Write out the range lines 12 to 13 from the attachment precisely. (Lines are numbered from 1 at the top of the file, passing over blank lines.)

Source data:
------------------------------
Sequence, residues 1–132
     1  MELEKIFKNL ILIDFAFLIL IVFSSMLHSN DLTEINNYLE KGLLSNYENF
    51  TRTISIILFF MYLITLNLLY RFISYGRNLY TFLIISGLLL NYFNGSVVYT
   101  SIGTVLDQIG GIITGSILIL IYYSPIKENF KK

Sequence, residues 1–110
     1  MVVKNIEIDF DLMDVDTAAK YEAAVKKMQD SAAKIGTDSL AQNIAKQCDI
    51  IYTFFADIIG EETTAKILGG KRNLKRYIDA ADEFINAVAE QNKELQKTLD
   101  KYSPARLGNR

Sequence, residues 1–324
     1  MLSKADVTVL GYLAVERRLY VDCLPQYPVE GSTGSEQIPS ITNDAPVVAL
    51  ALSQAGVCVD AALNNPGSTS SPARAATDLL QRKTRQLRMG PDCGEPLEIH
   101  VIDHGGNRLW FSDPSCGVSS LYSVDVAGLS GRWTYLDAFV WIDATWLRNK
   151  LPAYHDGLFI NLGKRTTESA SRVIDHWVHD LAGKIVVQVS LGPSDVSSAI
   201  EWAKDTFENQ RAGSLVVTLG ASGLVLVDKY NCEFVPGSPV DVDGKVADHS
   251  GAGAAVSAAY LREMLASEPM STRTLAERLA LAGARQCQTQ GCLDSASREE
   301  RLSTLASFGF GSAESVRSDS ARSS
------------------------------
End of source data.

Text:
   101  VIDHGGNRLW FSDPSCGVSS LYSVDVAGLS GRWTYLDAFV WIDATWLRNK
   151  LPAYHDGLFI NLGKRTTESA SRVIDHWVHD LAGKIVVQVS LGPSDVSSAI